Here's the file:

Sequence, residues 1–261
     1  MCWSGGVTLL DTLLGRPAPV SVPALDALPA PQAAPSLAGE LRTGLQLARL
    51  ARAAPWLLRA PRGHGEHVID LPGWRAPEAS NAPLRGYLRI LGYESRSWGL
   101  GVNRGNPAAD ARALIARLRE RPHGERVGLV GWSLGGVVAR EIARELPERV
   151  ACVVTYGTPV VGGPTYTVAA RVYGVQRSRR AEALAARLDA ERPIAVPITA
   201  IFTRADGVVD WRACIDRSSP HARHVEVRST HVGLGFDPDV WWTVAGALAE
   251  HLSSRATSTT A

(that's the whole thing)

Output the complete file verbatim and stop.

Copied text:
Sequence, residues 1–261
     1  MCWSGGVTLL DTLLGRPAPV SVPALDALPA PQAAPSLAGE LRTGLQLARL
    51  ARAAPWLLRA PRGHGEHVID LPGWRAPEAS NAPLRGYLRI LGYESRSWGL
   101  GVNRGNPAAD ARALIARLRE RPHGERVGLV GWSLGGVVAR EIARELPERV
   151  ACVVTYGTPV VGGPTYTVAA RVYGVQRSRR AEALAARLDA ERPIAVPITA
   201  IFTRADGVVD WRACIDRSSP HARHVEVRST HVGLGFDPDV WWTVAGALAE
   251  HLSSRATSTT A